THIS COLUMN was instituted as a regular feature of The National Interest some seven years ago, but more recently it has appeared only from time to time. As the new editor of the magazine, my first decision was to reinstate it as a predictable element of every issue. So in the future you can expect to find it right here, at the front of the magazine, whenever you pick it up.
The reason is that we believe a magazine should stand for something, should represent a foundation of beliefs, whether it’s a particular mode of cooking, a particular set of business imperatives or a particular political philosophy. Our own foundation of beliefs is what we call realism in U.S. international relations. That means we believe American foreign policy should be based upon real-world considerations—forces and pressures and passions that emanate from powerful factors of culture and geography—and not grandiose notions of national greatness or gauzy dreams of moral certitude conflating into historical inevitability.
Realists have nothing against either national greatness or humanitarian impulses. Indeed, as Henry Kissinger wrote recently, “Stable orders require elements of both power and morality.” But realists believe a foreign policy based too heavily on imperial design or moral zeal invariably encounters actual-world realities that prove problematic at best, ruinous at worst. Hence, any sound foreign policy must carefully weigh and deal with those realities.
There’s a corollary belief. Since missionary zeal in foreign policy involves such a high risk of failure and unanticipated consequence, realists oppose the expenditure of American blood on most projects of this nature. Americans shouldn’t die young on behalf of other nations’ interests or some flight of global ambition. If they must die young, as at times they are called upon to do, then it should be confined to matters of clear national interests and avoided for humanitarian purposes (except, perhaps, in rare instances involving true genocide that can be thwarted cleanly by intervention). American blood is too precious to be spilled for any other cause.
What, then, are the challenges that merit the expenditure of American blood? In my 2005 book Sands of Empire, I identified three broad categories of justification—to protect America’s homeland and immediate offshore interests; to protect Western civilization, as America is the central state of the West; and to maintain, to the greatest extent feasible, stability in key strategic areas of the world. But the focus should be on creative and dexterous diplomacy in all of these challenges—in particular, maintaining a balance of power wherever possible—before the nation resorts to military action.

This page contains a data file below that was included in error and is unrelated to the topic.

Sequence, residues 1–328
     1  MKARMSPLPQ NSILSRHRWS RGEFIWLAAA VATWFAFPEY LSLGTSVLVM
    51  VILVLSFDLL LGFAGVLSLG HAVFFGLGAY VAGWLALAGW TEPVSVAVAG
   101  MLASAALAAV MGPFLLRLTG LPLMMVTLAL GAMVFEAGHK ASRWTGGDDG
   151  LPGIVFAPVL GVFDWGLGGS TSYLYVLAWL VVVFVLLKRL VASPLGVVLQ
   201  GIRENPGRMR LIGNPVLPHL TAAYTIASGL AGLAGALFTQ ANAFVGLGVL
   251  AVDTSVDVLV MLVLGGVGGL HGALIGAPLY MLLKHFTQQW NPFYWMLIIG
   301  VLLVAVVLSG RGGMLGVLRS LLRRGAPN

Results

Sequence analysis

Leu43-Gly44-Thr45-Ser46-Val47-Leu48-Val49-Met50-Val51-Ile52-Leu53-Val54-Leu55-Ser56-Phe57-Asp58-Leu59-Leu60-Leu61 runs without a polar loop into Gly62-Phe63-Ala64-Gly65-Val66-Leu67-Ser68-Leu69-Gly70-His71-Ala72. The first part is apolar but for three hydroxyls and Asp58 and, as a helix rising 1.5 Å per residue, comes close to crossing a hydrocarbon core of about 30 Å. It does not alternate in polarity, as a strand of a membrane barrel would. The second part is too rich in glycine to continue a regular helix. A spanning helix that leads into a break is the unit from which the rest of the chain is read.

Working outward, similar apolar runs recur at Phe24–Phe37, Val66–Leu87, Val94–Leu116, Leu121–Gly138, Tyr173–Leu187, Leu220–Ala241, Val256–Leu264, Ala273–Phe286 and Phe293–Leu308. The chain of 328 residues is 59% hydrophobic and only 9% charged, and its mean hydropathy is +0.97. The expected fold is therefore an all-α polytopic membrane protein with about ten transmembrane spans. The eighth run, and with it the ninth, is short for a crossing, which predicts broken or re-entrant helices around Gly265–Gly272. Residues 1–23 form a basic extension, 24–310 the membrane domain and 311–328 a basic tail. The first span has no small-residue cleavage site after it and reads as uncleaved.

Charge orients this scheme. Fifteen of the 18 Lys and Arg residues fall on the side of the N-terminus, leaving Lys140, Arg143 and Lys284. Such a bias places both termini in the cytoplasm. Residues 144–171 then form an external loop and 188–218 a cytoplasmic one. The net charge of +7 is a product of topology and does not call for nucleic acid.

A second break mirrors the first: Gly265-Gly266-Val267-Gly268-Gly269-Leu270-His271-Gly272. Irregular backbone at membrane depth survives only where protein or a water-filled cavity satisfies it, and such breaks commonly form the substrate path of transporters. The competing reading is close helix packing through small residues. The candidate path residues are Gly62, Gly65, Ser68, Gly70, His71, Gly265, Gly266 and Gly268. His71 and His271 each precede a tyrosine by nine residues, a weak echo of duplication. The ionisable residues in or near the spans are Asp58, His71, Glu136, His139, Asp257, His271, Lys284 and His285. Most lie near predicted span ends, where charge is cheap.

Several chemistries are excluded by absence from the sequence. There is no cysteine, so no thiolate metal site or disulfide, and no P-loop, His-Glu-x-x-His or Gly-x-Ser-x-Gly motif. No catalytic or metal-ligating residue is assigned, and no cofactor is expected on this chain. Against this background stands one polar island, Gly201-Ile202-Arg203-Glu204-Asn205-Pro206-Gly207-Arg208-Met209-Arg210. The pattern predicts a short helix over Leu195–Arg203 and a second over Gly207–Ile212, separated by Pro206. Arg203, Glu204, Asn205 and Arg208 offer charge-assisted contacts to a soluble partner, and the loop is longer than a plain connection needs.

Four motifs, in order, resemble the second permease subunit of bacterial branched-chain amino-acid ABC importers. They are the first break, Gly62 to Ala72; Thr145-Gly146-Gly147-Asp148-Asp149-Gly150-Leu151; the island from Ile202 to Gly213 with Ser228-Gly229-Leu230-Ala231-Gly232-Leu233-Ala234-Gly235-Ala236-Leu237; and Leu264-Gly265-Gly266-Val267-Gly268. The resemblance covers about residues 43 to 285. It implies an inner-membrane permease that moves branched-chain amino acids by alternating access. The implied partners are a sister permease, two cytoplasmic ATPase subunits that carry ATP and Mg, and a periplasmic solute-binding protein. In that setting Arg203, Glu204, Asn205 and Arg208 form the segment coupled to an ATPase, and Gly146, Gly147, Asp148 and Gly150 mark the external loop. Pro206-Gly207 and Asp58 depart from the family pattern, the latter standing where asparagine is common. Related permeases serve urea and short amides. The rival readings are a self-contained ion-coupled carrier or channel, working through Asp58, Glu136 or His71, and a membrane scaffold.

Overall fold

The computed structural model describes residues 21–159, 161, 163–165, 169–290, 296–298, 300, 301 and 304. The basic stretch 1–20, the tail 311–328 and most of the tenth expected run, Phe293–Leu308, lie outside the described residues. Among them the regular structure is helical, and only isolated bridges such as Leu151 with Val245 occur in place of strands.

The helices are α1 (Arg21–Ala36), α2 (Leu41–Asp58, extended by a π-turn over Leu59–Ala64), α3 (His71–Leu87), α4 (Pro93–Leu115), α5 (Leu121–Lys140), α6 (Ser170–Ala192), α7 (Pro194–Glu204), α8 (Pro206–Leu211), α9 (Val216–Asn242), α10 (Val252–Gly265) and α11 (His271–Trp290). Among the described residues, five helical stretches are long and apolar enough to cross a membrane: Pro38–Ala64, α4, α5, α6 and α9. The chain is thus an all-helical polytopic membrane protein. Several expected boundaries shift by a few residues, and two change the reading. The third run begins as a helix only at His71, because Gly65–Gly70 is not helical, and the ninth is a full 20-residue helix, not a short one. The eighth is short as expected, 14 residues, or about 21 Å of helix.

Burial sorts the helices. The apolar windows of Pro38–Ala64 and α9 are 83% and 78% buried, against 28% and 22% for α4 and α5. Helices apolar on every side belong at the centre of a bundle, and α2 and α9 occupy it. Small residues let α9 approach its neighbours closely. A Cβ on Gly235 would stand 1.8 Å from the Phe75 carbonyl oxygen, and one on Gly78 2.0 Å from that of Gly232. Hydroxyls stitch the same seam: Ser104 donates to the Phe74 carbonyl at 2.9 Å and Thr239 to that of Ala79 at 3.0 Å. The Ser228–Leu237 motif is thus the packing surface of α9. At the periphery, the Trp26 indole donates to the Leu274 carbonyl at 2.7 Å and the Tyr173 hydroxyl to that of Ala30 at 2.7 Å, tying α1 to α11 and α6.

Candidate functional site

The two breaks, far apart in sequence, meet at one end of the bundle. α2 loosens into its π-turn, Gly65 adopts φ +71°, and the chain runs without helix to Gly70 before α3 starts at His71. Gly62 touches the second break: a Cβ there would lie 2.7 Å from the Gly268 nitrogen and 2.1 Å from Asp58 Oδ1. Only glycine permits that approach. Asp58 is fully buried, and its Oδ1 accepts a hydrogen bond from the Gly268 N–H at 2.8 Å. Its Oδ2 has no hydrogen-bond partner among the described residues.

Is this akin to isolationism? Nothing stings the consciousness of realists more than to have their outlook equated with isolationist sentiments, whether of the conservative variety of the 1920s and 1930s or the liberal version of the Vietnam War era. America is a great power with substantial global interests and a capacity—hence a responsibility—to help maintain stability around the world. Isolationism is not an option for America.
In Sands of Empire, I sought to outline the elements of what I called “conservative interventionism,” which I put forth as the most flexible and least ideological of the foreign-policy doctrines. I wrote:
At its best, it focuses on limited goals of stability fostered through strength and balance-of-power global politics. It accepts the world as it is and not as any collection of idealists might want it to be. It embraces the idea of Western civilization and assumes America is not only part of it but remains its primary protector. It extols American-style democracy and fosters it wherever it can take root but doesn’t consider its importation to be any kind of policy imperative.